June 6, 2016; Fox News
In response to a class action lawsuit, the IRS released a list of 426 organizations it says were singled out for special scrutiny beginning in 2010 in what became known as the IRS scandal. The list is larger than the 298 overwhelmingly conservative groups identified by U.S. Treasury Inspector J. Russell George in his May 2013 report that first brought the scandal to public attention.
The IRS resisted releasing the list, citing taxpayer privacy and confidentiality protections included in Section 6103 of the Internal Revenue Code. However, the judge hearing the case decided any 6103 issues should not be used by the IRS to stop the suit’s plaintiffs from securing information they could use to recruit additional targeted nonprofits to their class action.
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Most people have lost track of the IRS scandal, and some even deny to this day that there ever was a scandal. Paul Caron, a law Professor at Pepperdine University, is continuing to keep count of the days. (June 7, 2016 is Day 1125.) The House Judiciary Committee is considering the impeachment of IRS Commissioner John Koskinen, but this is widely seen as a partisan exercise by Republicans—even by those who believe others, especially former Exempt Organizations Director Lois Lerner, should be held accountable for their actions in the IRS targeting scandal.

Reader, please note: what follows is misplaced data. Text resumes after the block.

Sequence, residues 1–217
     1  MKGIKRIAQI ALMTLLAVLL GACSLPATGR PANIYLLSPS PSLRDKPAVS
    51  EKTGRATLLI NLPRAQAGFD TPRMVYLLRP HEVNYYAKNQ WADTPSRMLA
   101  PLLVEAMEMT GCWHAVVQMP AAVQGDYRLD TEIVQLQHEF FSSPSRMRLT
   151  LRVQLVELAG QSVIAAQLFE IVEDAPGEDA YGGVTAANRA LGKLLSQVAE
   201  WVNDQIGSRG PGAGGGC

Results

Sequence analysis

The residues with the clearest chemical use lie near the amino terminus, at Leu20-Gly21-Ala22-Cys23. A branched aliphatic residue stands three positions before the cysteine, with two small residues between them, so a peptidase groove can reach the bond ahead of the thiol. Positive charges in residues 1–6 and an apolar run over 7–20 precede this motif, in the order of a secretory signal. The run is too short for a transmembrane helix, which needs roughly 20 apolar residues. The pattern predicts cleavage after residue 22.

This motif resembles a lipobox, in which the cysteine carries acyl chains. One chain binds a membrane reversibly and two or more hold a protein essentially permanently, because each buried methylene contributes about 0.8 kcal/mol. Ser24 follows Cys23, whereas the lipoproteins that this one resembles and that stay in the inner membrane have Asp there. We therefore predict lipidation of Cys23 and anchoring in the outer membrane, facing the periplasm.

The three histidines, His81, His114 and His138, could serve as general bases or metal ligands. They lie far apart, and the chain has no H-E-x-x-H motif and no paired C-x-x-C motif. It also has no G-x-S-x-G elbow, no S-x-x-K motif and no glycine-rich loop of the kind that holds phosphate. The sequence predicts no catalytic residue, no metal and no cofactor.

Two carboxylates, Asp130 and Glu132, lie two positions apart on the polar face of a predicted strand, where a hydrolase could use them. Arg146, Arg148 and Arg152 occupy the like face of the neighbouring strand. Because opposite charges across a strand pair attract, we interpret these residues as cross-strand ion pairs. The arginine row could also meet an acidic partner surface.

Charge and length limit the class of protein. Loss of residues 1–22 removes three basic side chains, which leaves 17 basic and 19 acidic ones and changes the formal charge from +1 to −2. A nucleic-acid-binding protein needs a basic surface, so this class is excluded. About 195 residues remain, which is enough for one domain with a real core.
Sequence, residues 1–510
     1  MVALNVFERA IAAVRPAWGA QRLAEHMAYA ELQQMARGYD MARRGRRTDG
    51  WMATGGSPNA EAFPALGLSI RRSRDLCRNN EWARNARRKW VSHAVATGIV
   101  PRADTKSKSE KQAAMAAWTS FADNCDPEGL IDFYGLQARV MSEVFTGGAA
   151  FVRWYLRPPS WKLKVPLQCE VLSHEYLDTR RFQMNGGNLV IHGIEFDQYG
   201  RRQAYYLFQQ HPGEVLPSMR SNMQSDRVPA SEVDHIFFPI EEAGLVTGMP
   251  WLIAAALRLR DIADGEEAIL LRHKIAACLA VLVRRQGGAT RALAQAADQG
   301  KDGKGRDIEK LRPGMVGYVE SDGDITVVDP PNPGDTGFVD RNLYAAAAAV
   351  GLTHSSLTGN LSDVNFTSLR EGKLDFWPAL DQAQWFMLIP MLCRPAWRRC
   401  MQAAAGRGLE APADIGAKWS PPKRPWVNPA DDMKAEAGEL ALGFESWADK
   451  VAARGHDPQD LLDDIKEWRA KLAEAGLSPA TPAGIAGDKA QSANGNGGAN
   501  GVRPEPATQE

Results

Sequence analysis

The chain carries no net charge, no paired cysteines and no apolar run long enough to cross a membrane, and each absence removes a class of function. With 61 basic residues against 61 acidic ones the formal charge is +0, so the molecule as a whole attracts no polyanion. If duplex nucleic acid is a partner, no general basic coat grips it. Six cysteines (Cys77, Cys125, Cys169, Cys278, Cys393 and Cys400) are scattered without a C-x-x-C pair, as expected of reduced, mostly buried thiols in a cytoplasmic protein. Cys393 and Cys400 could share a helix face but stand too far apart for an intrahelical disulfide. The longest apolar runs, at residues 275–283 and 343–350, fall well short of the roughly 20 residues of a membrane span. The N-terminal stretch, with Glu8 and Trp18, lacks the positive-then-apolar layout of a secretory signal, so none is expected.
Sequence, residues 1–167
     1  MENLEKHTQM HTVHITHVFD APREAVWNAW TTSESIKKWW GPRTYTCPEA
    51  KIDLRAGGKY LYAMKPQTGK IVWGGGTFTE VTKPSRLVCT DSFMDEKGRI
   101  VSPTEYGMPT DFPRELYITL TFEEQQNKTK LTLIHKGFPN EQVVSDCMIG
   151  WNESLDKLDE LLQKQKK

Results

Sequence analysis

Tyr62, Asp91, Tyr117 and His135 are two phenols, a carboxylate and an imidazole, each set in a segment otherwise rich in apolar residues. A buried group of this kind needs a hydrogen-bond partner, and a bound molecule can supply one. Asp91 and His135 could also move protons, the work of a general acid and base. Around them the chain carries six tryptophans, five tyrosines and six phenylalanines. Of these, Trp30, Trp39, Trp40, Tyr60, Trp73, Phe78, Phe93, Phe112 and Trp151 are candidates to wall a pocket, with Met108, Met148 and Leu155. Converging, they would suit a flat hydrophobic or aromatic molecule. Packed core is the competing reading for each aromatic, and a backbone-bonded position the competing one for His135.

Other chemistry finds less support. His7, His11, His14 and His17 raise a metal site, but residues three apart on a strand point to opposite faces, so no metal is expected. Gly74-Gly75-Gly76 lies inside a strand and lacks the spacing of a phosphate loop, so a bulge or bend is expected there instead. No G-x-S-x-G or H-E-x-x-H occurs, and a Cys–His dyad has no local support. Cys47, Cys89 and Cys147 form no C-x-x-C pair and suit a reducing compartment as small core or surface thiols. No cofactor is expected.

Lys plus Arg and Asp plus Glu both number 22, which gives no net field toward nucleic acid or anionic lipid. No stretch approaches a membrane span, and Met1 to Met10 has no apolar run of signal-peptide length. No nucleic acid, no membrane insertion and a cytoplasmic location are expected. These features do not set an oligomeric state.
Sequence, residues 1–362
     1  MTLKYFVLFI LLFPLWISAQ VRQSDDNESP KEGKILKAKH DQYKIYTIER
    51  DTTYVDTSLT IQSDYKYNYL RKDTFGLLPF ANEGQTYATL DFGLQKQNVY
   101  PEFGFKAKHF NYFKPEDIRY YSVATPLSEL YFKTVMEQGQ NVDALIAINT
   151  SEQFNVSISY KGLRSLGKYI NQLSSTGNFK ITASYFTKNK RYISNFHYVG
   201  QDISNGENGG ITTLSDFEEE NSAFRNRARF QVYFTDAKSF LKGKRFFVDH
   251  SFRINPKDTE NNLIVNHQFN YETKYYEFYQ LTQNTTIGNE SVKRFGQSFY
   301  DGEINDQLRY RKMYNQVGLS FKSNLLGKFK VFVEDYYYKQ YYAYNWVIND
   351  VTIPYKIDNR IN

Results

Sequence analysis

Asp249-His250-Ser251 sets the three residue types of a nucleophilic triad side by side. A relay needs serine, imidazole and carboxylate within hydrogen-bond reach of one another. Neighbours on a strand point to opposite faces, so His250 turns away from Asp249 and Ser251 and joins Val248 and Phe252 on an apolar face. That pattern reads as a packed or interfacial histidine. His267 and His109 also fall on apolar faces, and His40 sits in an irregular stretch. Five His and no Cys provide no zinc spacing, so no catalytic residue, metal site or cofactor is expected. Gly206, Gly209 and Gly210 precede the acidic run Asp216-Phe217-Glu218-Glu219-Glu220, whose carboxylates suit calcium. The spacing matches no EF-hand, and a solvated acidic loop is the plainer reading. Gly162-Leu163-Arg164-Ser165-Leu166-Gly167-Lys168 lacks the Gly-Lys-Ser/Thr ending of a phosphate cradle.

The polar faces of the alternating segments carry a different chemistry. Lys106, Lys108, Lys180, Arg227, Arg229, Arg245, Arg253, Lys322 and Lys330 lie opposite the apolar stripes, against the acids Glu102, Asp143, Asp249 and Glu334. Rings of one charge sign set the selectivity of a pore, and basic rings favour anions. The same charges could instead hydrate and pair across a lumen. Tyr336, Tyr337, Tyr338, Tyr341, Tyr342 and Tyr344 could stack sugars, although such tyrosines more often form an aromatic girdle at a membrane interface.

One observation NPQ has made in the past bears restating as the political and judicial processes continue: The public disclosure of much of what we have learned over the past year or more has come as the result of nonprofit advocacy and the access of nonprofit advocates to support from federal courts. Groups such as Judicial Watch and Cause of Action have peppered executive agencies with Freedom of Information Act (FOIA) requests and sued in court when their requests were refused or ignored. The class action lawsuit is led by the NorCal Tea Party Patriots, a 501(c)(4) social welfare nonprofit and one of the groups targeted by the IRS. Judicial Watch and Cause of Action are also aggressively pursuing other issues associated with political conservatives, including Hillary Clinton’s State Department emails and the Obama administration’s enforcement of immigration laws. There is a developing appearance that nonprofit advocacy groups, with judicial support, are having better success than Congress in investigating the executive branch of the federal government and securing the release of documentary evidence.—Michael Wyland